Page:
Medford in the War of the Revolution.
[Read before The Medford
Historical Society, April 18, 1898.]
OR an old town, Medford
is singularly devoid of traditions.
Few of the old families are represented by name at the present day. Still, in unexpected places, we find stories which when compared with the records prove true.
Even they are imperfect.
men who served during the War
of Independence are not always credited to the town.
The muster rolls, from 1775 to 1778, are very few. Later, more system was adopted, and descriptive lists are common.
Men were not mustered by companies, as they were in the Civil War
, but six, nine, or a dozen were recruited, and sent to some convenient point where they and the quotas from other towns were combined to form a company, or they were sent direct to fill vacant places in companies already in the field.
Although in the Continental
army the system of numbering the regiments was in use, they were usually designated by the surname of the colonel.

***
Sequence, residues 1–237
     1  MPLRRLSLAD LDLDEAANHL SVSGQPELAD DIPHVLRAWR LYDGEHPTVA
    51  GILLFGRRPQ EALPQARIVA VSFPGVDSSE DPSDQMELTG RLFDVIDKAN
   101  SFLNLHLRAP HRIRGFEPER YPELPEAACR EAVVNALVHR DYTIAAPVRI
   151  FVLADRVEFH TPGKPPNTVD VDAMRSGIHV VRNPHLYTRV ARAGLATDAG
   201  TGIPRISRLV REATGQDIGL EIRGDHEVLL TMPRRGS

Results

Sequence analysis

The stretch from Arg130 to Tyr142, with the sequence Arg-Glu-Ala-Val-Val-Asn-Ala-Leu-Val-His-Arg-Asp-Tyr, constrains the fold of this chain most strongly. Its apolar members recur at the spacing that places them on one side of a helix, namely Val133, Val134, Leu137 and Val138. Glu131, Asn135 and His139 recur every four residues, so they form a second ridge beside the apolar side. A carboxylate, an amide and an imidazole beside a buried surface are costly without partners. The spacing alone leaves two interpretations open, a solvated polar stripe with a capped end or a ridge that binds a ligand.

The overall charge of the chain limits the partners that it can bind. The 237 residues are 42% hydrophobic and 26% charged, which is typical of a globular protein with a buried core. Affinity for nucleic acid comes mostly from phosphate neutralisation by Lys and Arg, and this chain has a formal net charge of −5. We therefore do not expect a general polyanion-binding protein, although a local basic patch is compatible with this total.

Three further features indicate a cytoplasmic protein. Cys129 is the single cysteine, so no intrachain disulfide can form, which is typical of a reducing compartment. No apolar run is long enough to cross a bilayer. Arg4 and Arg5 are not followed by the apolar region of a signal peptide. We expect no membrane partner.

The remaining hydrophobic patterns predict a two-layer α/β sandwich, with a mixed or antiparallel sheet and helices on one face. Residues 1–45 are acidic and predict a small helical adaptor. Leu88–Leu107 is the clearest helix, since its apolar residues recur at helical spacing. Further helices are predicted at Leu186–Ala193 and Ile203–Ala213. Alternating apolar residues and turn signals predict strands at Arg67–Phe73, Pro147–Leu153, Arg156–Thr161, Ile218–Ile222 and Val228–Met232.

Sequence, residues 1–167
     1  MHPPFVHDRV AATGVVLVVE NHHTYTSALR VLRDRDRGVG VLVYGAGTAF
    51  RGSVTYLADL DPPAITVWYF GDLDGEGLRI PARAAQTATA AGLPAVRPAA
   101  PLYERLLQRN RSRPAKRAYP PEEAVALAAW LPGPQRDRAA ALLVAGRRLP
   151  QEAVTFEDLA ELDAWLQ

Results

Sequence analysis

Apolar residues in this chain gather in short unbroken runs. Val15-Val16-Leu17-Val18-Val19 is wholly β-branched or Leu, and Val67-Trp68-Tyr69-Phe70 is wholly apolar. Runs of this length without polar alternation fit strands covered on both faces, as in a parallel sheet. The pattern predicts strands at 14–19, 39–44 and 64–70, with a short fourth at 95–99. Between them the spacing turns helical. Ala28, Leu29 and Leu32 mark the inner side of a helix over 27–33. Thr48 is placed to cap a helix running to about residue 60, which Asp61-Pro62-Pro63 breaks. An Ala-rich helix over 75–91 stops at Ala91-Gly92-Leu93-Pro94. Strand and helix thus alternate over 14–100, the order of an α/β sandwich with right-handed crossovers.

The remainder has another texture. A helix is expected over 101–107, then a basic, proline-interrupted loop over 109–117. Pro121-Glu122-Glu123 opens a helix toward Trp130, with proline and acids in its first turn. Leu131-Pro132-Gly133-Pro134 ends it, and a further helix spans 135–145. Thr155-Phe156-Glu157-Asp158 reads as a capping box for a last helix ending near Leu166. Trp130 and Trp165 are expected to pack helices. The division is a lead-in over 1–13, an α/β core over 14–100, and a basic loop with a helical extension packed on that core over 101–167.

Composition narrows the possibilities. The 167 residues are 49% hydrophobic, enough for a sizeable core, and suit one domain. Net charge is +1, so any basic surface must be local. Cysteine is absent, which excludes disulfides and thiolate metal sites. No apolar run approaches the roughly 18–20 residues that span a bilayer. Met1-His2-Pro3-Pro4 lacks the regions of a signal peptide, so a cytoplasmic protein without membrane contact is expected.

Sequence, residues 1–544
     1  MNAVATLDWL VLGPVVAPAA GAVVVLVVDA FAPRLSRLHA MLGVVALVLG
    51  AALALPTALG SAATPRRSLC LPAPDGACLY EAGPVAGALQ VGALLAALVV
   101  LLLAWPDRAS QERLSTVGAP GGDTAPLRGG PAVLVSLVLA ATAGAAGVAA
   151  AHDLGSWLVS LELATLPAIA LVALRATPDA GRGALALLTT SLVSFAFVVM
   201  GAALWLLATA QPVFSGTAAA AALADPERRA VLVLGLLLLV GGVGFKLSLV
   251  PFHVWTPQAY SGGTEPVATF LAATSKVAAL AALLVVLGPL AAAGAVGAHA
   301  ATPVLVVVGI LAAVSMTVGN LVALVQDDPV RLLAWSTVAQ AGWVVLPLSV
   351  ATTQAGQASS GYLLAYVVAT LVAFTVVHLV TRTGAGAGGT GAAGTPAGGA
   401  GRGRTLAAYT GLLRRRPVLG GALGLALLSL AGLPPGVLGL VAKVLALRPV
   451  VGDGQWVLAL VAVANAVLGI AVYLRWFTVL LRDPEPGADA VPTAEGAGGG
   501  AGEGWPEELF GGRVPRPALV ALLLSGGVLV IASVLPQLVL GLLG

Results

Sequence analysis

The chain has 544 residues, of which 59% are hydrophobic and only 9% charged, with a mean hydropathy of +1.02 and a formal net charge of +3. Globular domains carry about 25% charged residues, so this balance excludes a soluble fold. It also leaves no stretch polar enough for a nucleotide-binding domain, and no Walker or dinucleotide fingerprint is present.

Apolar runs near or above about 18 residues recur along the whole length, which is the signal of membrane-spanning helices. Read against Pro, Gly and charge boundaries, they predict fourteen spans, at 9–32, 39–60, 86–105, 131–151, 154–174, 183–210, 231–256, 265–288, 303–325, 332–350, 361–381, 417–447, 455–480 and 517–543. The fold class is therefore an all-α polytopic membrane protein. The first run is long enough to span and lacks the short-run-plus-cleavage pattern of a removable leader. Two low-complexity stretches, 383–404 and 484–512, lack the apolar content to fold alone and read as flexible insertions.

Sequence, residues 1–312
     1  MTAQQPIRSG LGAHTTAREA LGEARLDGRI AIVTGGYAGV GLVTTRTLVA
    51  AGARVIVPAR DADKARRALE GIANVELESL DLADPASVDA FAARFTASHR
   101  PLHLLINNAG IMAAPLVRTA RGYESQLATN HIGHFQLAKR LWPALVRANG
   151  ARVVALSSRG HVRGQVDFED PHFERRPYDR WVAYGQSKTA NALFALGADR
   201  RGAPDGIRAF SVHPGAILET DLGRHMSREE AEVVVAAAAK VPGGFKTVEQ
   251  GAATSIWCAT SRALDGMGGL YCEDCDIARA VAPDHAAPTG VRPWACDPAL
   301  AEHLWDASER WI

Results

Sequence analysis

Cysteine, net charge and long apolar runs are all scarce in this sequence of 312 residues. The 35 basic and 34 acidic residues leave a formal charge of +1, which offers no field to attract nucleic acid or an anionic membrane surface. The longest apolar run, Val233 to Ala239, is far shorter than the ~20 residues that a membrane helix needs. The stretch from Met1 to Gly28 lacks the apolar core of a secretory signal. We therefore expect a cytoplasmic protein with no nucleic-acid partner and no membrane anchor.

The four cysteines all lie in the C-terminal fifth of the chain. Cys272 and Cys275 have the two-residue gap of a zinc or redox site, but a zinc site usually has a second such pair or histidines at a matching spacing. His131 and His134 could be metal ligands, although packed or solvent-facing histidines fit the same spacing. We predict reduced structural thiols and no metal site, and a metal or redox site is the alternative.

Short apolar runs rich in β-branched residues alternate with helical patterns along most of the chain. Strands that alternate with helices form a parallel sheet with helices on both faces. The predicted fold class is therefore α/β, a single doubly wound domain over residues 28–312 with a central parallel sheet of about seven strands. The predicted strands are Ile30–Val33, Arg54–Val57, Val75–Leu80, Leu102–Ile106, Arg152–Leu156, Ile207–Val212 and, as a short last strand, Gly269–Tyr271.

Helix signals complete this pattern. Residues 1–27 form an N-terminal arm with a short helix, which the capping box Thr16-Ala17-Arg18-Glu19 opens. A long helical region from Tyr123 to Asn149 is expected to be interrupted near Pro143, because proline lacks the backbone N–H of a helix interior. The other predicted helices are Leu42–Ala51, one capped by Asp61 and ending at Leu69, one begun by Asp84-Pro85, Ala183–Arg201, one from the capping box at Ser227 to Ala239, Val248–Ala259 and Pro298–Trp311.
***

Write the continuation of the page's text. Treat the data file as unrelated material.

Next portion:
When several bore the same name this custom is confusing.
Another difficulty is the repetition of family names, so common in those days.
The authorities were by no means careful to write Jr. where it belonged.
Records are more correct on this point than the State Papers
Making allowance for mistakes made in this way, I have found over two hundred men who served for Medford
—twenty-five per cent. of all the inhabitants of the town in 1776.
This does not cover the whole number; for instance, in July, 1776, thirty men went to Ticonderoga
, and we have the names of only twelve.
The other eighteen were from ‘Hampshire
Other recruits were, like these, non-residents, hired to fill up the town's quota, but one hundred eighty-nine have been identified